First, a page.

Adventure games are quests where puzzles are presented along the journey.
In the early days of interactive gaming, adventure games ruled. They were easily ported from the mainframe computer paper output days to the low-resolution monitors of the 1980s microcomputers.
Gamers (in those days, computer “geeks” and “nerds”) loved Tolkien (author of The Hobbit and Lord of the Rings trilogy) and Star Trek, which were a prominent part of the first text adventure games from the mainframe era.
Soon many companies were formed and products hit the shelves based on text adventure games (no graphics, just text and your imagination). The stories were compelling and addictive.
As the computers advanced with more memory and better graphics, graphic adventure games appeared and became popular.
Computer gaming fanatics loved solving the designers’ tricky puzzles. But eventually the other genres began to win the consumers’ popularity contest. In the late 1990s publishers and distributors had an “adventure games is dead” attitude.
Hybrid adventure games soon appeared, and out of the ashes several successful “adventure” games entered the realm of major hits and mega-sellers.
In an adventure game, you (the player) start with a limited inventory of supplies, weapons, and food. You are sent on a quest (to save the princess, free the slaves being held captive by an evil emperor, or find and return the Golden Fleece). Along the journey you are presented with puzzles to solve. The designer can make it an obvious puzzle or hide the puzzle within the story (but nevertheless it’s still a puzzle to solve). Usually all gameplay, storytelling, or advancement is paused until the puzzle is solved. A puzzle can be a physical puzzle (maneuver objects in a precise order, move an object, acquire an object, or build an object), a verbal puzzle (solve a riddle, discover the secret password, learn a phrase to say), a timing puzzle (perform tasks in a precise order or within a time duration), a labyrinth (maze) traversing, or a cavern exploration.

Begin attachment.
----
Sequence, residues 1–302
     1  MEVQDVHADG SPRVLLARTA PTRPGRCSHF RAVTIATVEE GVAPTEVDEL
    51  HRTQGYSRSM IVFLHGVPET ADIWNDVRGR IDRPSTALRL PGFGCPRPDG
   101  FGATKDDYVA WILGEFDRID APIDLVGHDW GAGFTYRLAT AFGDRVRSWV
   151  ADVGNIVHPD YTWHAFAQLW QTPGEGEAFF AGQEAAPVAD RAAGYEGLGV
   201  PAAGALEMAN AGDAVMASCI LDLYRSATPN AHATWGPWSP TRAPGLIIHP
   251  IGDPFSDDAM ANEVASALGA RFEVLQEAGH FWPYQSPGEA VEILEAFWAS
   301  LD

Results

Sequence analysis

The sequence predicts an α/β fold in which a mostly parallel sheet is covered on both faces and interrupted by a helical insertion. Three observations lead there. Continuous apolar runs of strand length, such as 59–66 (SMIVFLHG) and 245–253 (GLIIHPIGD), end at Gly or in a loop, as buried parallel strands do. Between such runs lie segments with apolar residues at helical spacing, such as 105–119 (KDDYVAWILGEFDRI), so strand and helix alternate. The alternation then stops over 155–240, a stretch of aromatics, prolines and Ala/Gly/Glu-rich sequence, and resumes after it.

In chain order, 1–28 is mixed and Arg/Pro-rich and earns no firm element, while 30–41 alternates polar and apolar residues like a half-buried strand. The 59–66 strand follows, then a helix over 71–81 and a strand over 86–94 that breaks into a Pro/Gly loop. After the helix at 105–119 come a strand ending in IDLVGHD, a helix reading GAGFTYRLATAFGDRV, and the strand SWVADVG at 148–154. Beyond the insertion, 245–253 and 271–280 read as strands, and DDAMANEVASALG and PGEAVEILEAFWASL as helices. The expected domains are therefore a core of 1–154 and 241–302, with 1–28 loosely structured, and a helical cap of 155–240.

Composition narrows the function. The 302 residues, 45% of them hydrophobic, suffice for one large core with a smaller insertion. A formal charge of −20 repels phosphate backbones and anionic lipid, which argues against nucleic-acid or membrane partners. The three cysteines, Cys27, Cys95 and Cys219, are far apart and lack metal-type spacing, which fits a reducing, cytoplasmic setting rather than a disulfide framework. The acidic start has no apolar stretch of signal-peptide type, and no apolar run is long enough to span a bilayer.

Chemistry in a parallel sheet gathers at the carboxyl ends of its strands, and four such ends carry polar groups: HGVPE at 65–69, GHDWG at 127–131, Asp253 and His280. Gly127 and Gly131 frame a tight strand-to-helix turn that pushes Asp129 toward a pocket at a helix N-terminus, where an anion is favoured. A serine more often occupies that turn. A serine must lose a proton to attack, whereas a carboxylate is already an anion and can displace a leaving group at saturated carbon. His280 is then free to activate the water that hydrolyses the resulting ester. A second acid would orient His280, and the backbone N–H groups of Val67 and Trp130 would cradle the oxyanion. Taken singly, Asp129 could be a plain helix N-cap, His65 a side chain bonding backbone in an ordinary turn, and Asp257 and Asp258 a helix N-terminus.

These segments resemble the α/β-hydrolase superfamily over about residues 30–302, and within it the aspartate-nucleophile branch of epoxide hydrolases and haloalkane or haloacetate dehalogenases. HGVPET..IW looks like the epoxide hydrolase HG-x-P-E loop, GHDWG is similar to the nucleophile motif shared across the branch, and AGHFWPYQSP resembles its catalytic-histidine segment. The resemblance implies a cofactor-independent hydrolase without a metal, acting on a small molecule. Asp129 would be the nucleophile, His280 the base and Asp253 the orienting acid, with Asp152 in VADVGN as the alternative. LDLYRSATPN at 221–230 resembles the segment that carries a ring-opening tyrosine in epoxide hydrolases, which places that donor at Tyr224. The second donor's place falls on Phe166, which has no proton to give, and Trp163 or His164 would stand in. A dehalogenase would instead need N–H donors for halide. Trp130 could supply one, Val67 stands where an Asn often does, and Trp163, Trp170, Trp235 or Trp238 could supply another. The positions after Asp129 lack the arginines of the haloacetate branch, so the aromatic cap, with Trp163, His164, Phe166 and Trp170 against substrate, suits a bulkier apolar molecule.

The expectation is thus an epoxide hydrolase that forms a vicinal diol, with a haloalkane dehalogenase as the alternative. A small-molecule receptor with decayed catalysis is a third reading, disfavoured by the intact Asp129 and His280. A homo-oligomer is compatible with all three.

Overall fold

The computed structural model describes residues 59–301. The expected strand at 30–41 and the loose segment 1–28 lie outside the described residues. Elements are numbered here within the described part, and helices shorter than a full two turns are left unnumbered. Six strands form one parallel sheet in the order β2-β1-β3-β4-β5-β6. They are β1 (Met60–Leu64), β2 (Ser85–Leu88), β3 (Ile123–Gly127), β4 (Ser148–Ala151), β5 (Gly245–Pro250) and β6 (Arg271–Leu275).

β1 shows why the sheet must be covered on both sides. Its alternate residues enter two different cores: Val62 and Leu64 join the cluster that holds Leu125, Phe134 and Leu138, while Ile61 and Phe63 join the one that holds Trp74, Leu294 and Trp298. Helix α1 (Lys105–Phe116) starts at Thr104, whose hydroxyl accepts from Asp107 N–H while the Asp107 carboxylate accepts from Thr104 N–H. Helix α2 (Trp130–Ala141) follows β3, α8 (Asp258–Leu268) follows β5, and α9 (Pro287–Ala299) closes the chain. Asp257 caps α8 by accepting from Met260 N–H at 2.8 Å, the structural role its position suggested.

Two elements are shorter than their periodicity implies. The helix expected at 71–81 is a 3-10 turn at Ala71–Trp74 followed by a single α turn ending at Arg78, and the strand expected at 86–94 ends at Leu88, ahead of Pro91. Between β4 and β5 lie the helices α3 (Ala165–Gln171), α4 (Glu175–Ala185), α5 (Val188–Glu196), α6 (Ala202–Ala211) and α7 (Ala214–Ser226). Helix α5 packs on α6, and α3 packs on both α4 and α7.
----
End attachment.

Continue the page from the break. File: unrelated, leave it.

Most puzzles have one correct solution. I prefer to design puzzles with three solutions that I call “physical,” “intellectual,” and “reasonable” solutions. In Homer’s Odyssey, Ulysses is confronted by a Cyclops (one-eyed giant).
The physical solution is to fight the Cyclops. The two outcomes would be to either cause the Cyclops to submit and let Ulysses pass by or have the Cyclops defeat Ulysses, cause severe physical damage, and/or capture and imprison him, which would set up an escape puzzle.
The intellectual solution is to challenge the Cyclops to a game where the loser must drink an entire flask of ale. Eventually, one of the contestants would get drunk and pass out. If the Cyclops passes out (after drinking an enormous amount), Ulysses may pass by. If Ulysses passes out, he’ll awake inside the Cyclops’ prison with an awful hangover.
The reasonable solution is to walk through the miles of treacherous mountains free of Cyclops and monsters. This solution wastes valuable time but causes little physical damage.
Beyond Atlantis 2, Grim Fandango, In Cold Blood, Myst 3: Exile, Odyssey: The Search for Ulysses, Project Eden, Riddle of the Sphinx: An Egyptian Adventure, Road to India: Between Hell and Nirvana, Schizm, The Sting, American McGee’s Alice
Baldur’s Gate: Dark Alliance, Escape From Monkey Island, Ico, Oddworld: Munch’s Oddysee, Onimusha Warlords, Silent Hill 2, Soul Reaver 2